Some people want to replace their W2 job with real estate by having a passive stream of income; meaning, they don’t want to become syndicators, but prefer instead to be passive investors. I know several investors who were able to do so. Their full time “job” is to meet and vet syndicators, go over investment offerings, and invest passively. It took them years to have enough passive income to cover for their W2 job, and they started investing while they were still employed.
How much time does it take? Let’s look at a common investment example. Let’s say you saved up and invested $100,000 in a multifamily property that generated 8% cash-on-cash and 15% IRR, over 5 years. During those 5 years, you saved up the income, which was around $50,000. Now, let’s assume that after 5 years the property is sold and your profit from the sale is another $50,000. Together with your original $100,000, you now have $200,000. If you invest it, you can have $400,000 several years down the line, and you can allocate it between 4 different deals. Now, the goal is to invest in multiple investments, each that will generate enough cash flow, so you can use some of the income and reinvest the rest. Yes, it does take time. And when you get your yearly bonus – invest it as well. And repeat it as much as you can.
It can take you 5, 7, or 10 years to replace your income. There’s no magic here. The more you invest – the faster you can replace your job.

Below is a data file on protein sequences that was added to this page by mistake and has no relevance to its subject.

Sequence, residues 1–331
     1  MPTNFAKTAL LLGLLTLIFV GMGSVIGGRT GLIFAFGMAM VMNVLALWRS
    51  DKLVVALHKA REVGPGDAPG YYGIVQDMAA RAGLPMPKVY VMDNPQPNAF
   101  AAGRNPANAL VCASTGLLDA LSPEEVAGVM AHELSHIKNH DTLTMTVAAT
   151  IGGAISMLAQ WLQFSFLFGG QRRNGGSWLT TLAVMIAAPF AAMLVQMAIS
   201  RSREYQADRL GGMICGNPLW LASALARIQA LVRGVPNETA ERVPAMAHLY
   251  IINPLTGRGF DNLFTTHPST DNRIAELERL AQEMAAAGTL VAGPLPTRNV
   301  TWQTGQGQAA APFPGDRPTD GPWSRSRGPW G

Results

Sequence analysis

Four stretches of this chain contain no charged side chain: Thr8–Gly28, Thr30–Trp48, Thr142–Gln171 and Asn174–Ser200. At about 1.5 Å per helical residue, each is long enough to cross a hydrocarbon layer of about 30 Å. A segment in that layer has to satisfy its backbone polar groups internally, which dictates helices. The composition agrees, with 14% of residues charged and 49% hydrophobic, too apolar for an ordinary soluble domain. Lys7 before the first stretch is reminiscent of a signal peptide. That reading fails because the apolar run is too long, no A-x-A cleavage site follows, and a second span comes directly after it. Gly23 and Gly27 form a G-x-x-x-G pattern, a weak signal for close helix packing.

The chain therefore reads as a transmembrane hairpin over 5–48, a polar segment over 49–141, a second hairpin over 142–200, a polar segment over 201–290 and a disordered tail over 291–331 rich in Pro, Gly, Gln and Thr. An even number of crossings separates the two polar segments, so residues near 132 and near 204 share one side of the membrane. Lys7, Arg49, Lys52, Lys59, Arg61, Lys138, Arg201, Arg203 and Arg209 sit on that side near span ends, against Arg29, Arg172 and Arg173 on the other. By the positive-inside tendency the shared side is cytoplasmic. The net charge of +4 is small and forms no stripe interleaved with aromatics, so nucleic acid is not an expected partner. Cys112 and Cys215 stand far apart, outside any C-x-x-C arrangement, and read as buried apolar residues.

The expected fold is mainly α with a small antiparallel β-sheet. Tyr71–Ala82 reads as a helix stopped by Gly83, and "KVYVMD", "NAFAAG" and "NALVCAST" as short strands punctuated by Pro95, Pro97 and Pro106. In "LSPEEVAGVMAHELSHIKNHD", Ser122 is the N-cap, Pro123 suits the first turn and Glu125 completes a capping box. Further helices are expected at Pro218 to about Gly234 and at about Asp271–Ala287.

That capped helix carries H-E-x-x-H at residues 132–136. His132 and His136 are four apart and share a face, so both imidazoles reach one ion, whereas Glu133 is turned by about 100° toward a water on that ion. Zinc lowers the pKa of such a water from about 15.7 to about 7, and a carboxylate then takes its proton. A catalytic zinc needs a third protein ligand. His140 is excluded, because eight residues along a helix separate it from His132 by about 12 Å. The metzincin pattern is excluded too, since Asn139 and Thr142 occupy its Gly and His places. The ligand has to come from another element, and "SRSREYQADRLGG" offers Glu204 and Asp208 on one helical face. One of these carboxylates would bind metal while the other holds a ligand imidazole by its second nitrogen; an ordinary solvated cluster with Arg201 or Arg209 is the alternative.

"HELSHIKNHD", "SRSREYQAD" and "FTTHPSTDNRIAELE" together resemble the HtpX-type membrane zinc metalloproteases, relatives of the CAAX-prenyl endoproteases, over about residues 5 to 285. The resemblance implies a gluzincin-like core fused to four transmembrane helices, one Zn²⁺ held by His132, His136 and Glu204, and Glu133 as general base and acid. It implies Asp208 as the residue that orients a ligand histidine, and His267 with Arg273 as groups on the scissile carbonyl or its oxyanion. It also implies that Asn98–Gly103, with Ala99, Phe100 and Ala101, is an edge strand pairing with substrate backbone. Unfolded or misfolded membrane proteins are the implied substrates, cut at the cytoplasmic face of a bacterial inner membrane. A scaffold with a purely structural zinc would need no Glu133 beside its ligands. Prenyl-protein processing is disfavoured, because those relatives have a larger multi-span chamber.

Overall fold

Giving up your 9 to 5 job to become a multifamily real estate syndicator is possible, and it’s not a myth. Many have successfully transitioned from the W2 world to working with passive investors and earning a substantial income. It all starts with your commitment - if you really want to do this, you have to be committed to doing the work that it takes. Develop your business plan and a timetable so you’ll know if you’re executing your plan on schedule. Build a team to help execute your plan, as you can’t do everything yourself. To do this inexpensively, use online sources like Upwork and Guru.com. Define the team’s responsibilities, and then define your own. Do you want to secure investors, or source properties? You can outsource other responsibilities, like hiring people to book you on podcasts, for example, or underwriters for hourly fees that run from $20-$50 per hour, again using Upwork, for example. Once you have all the people in place, manage your team, and continually reevaluate how everything is going so you’ll know if everyone is working to the standards you’ve established, or if adjustments need to be made. Finally, be sure you want to become a syndicator. Some people give up their W2 jobs and become full-time passive investors. It all depends on how you want to manage your time and your money.
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About the Author
Ellie is the founder of Blue Lake Capital, a real estate company specialized in multifamily investing throughout the United States. At Blue Lake Capital, Ellie helps investors grow their wealth and achieve double-digit returns by investing alongside her in exclusive multifamily deals they usually don't have access to.
Ellie is the host of REady2Scale , a podcast that focuses on the "APS" of real estate: Asset, Process, and Strategy. Each episode discusses how investors can scale their real estate portfolio and/or businesses.
She started her career as a commercial real estate lawyer, leading real estate transactions for one of Israel’s leading development companies. Later, as a property manager for Israel’s largest energy company, she oversaw properties worth over $100MM. Additionally, Ellie is an experienced entrepreneur who helped build and scale companies by improving their business operations.
Ellie holds a Masters in Law from Bar-Ilan University in Israel and an MBA from MIT Sloan School of Management.